Linn energy made their public statement with full understanding that the statement needs to be 100% accurate, truthful and not fraudulent. They have to abide by disclosure laws and regulations. Linn Energy is not protected by 1st amendment rights or "analyst opinion" safe havens to be able to say whatever they want.
THE TRUTH: and fact to understand is that the analyst opinion by Howard Weil (Amoss) is purely an opinion, and he still has a $36 price target on LINN Energy. If some of the outlandish and reckless comments he is insinuating are true...HE WOULD NOT HAVE A "SECTOR MARKET PERFORM" AND $36 TARGET PRICE. He would have a big overstated SELL rating, and would be calling the SEC and law enforcement agencies to turn Linn in for fraud. AMOSS HAS DONE NONE OF THAT. It would appear he is either part of a "short and distort" or a bashing of the stock to get the price down to buy. That"s what it more appears like if anything. They rate Linn: inlline as a "SECTOR PERFORM" AND A $36 PRICE TARGET. The majority of analyst covering Linn rate it buy/strong buy with $42-44 price targets.
So, if Howard Weil's Amoss is to believed, he needs TO BELIEVE HIMSELF, and rate Linn a SELL and have a drastically lower Target Price.
The analyst has said (not being an accountant) that derivatives should be considered as though they were similar to expensed interest. Where as on the other hand the company says they should be treated as assets. It would seems to me that derivative expensed to Interest should be tied to an interest rate and we would then call that a loan . It would also seem logical that derivatives not being attached to an interest rates could only be properly valued when sold and expensed as assets. This should be a non issue by the time of the CC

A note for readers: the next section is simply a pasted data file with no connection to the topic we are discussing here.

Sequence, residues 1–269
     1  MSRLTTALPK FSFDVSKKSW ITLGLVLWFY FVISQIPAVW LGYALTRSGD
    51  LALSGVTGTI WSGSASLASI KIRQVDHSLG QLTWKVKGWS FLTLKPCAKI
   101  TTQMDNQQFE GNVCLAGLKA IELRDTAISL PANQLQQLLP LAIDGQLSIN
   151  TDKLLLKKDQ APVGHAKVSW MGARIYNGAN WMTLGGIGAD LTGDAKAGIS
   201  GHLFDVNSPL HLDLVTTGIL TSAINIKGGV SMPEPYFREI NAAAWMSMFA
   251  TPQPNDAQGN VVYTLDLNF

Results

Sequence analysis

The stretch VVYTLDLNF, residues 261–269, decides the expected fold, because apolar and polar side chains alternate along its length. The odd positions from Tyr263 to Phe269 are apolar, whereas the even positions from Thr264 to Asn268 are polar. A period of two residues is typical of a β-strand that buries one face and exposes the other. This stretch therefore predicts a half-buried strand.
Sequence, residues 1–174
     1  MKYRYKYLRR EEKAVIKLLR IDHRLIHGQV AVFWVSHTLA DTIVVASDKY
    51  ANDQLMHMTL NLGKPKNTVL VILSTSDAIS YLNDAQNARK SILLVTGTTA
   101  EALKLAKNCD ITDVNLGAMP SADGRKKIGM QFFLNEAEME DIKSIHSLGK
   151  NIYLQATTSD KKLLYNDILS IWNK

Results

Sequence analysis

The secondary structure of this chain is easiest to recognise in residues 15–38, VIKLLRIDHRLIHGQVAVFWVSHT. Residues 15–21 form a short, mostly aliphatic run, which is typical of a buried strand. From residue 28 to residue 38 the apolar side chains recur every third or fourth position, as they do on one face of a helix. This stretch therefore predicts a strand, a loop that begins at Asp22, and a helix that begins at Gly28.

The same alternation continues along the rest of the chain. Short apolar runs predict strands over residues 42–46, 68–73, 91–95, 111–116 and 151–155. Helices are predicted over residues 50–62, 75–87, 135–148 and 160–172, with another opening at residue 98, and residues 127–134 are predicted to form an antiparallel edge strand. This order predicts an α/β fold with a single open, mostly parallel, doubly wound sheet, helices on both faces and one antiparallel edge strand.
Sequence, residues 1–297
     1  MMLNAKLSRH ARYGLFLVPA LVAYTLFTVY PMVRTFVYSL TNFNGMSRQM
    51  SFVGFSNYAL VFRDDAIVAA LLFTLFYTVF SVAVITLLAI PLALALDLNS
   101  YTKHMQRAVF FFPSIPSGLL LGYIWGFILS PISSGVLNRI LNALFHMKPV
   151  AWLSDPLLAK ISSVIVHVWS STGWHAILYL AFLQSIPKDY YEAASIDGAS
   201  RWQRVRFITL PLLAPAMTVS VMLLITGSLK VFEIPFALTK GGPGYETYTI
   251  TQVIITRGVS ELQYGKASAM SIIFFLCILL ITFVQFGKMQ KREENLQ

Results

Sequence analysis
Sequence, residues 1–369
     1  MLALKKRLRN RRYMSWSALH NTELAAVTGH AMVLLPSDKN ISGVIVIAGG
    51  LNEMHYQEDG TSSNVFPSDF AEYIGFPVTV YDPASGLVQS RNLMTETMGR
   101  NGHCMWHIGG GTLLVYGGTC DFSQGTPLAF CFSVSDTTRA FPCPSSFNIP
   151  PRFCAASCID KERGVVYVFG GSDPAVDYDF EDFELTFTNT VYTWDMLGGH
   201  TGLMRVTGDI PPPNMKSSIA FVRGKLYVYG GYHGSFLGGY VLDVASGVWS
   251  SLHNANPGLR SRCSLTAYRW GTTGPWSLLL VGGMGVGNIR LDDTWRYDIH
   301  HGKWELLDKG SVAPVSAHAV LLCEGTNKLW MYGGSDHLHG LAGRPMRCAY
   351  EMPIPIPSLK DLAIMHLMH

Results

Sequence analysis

The economic reality is the puts are 'in the money'. The value is increasing as natural gas prices fall.
Line will be selling their natural gas output for approximately 5.42,5.00,5.00,4.88 form FY13 to FY17.
With current spot market at about $3.20 the intrinsic value in the 2013 puts is $2.12. Gas futures five years out are still around $4.50.
Here is the completely insane thing. The clown claimed when ng prices went up LINE did not inappropriately account for the 'loss'. What loss? The gas will be sold for the strike price or above so it is positive.
The reality is LINE is forward selling production and locking in sale prices about 40% above spot.
Worse still this Weil clown is prattling about when ng prices went up causing losses in the hedge book and so with gas prices down by his delusional reasoning DFC should be leaping up with lower prices.
The odd thing is that when prices go down far enough management actually might want to cash the puts in and not produce. But if prices were higher they might actually want to produce above and beyond the hedged volumes.
If the editors at Barrons cannot keep such blatant silliness off their pages then what can be trusted in the publication?
These puts are actively traded and the market prices are known daily. But this is not a company speculating but rather hedging out risk to the business model. This is nothing like exotic credit market derivatives which were so popular with the Progressive Wall Street bankers.